• Added a new audience segment: Amateur radio. How could forget that?
  • Edited the vision to engage in a conversation, not just contribute (i.e. toss things into) one.
  • Added a new principle: to strive for craftsmanship.

The last one is a personal goal as well and speaks back to how I’ve operationalized authentic. I want this work to have a clean and professional sense about it. If it doesn’t now, I want it to work towards that goal as I go along.

Interesting. By clearing up one principle, I was able to reveal another.


So it begins

Press to start
Press to start

There’s no time like the present.

In the spirit of my last post, I started the vision document for the blog. This wasn’t as hard as I thought, but it wasn’t easy. I ran out of steam at the Principles section. I don’t think that means I’m without principles, just that I want to give them some thought–I want them to be something I can live with, if not aspire to.


That was easy. It took a little bit of thought, but only to decide how to articulate them.


That was pretty straightforward, as well. We’ll see how it holds up as time goes on.


And this is where it got a little sticky.

  • Be honest and accurate
  • Be constructive and contribute to improvement
  • Be authentic

Be honest and accurate – That was easy to put down on paper (virtual or otherwise). Without that as a starting point, the rest is just more Internet flotsam. But I could feel the pressure starting to build.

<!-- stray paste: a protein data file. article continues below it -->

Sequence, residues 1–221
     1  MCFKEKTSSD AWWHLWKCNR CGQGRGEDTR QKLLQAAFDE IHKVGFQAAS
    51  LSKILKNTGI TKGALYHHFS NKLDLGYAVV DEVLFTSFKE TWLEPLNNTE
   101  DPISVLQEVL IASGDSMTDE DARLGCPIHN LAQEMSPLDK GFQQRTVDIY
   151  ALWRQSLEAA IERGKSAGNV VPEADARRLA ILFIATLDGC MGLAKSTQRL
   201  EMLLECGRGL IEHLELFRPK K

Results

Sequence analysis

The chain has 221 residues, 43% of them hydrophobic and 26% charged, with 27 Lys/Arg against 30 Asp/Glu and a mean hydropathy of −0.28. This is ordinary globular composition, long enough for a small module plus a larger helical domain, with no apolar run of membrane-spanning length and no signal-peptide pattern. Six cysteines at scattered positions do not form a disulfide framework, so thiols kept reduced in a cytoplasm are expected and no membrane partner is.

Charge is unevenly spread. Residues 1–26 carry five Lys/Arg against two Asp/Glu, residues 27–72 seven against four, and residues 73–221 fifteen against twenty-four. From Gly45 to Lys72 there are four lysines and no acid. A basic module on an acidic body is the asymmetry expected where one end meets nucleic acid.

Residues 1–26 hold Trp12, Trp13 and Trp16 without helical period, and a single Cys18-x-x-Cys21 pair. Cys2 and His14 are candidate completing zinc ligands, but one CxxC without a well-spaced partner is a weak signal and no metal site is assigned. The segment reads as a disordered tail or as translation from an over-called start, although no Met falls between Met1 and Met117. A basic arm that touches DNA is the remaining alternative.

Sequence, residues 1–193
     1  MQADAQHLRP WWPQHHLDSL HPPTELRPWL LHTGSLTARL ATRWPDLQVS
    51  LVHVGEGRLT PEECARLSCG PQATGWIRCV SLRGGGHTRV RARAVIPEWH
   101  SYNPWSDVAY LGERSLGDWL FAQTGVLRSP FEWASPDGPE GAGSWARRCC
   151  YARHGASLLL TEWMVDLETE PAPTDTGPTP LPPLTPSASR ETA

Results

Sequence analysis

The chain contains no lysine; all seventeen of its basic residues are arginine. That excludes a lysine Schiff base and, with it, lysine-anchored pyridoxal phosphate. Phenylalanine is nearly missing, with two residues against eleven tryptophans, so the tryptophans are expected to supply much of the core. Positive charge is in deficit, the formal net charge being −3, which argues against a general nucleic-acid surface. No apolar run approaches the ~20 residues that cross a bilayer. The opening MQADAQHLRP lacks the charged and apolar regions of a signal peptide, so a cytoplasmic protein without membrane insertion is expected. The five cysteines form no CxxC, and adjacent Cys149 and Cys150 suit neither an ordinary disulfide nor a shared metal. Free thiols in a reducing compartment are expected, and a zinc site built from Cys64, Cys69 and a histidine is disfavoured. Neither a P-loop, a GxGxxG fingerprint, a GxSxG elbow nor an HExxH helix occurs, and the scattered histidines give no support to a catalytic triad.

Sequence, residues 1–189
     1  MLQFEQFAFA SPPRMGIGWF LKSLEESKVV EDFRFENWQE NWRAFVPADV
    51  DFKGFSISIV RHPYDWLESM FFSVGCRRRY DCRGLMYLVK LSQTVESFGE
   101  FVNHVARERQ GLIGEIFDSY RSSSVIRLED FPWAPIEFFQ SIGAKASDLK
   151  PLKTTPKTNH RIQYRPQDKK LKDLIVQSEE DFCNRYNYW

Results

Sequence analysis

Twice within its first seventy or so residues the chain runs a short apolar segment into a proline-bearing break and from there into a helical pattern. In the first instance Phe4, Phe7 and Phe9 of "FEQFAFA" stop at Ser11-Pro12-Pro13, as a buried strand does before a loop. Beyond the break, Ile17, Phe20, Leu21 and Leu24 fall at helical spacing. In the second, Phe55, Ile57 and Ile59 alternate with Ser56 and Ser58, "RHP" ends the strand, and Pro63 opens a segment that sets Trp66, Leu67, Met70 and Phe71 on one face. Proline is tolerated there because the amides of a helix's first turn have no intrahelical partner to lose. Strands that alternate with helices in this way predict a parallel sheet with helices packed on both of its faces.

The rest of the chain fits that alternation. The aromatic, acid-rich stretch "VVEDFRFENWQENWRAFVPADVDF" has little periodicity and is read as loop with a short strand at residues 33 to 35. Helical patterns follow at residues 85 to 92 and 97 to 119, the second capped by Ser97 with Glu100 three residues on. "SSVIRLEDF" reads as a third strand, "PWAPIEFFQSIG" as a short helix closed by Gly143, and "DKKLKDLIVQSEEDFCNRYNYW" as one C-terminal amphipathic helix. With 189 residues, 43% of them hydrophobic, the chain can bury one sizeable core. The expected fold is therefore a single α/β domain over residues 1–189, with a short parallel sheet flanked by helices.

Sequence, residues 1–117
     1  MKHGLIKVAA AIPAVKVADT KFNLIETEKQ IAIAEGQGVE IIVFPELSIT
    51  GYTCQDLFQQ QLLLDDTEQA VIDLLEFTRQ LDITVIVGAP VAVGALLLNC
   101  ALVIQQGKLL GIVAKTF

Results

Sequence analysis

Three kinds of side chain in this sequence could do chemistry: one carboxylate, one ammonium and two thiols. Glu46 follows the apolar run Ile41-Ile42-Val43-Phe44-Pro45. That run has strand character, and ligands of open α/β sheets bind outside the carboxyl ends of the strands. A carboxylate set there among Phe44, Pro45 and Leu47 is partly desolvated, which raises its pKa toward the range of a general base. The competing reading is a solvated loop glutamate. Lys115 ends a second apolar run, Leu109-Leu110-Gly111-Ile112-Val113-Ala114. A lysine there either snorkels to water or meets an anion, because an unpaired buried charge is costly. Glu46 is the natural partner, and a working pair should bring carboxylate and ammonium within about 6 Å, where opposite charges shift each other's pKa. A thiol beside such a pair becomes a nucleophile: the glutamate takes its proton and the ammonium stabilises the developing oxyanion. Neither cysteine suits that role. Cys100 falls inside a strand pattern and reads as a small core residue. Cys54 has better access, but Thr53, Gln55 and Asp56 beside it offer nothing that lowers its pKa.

Be constructive and contribute to improvement – That’s going to take some growing into (so please have some patience). It’s not that being constructive is something I can’t do. Not at all. What’s going to be a challenge is tempering my critical comments (a.k.a. biting my tongue). It’s still too easy for me to slip into my curmudgeon persona. There’s a time and a place to call him to the front of the line, but, it’s usually better if he just stays at home in the rocker on the porch, sipping lemonade, and petting the dog.

Be authentic – …and that’s as far as I got in this try. I got stuck on operationalizing authentic. That shouldn’t be difficult, but for now, I’ll attribute the difficulty to the fact I did all this on a Friday afternoon.

All in all, not a bad start.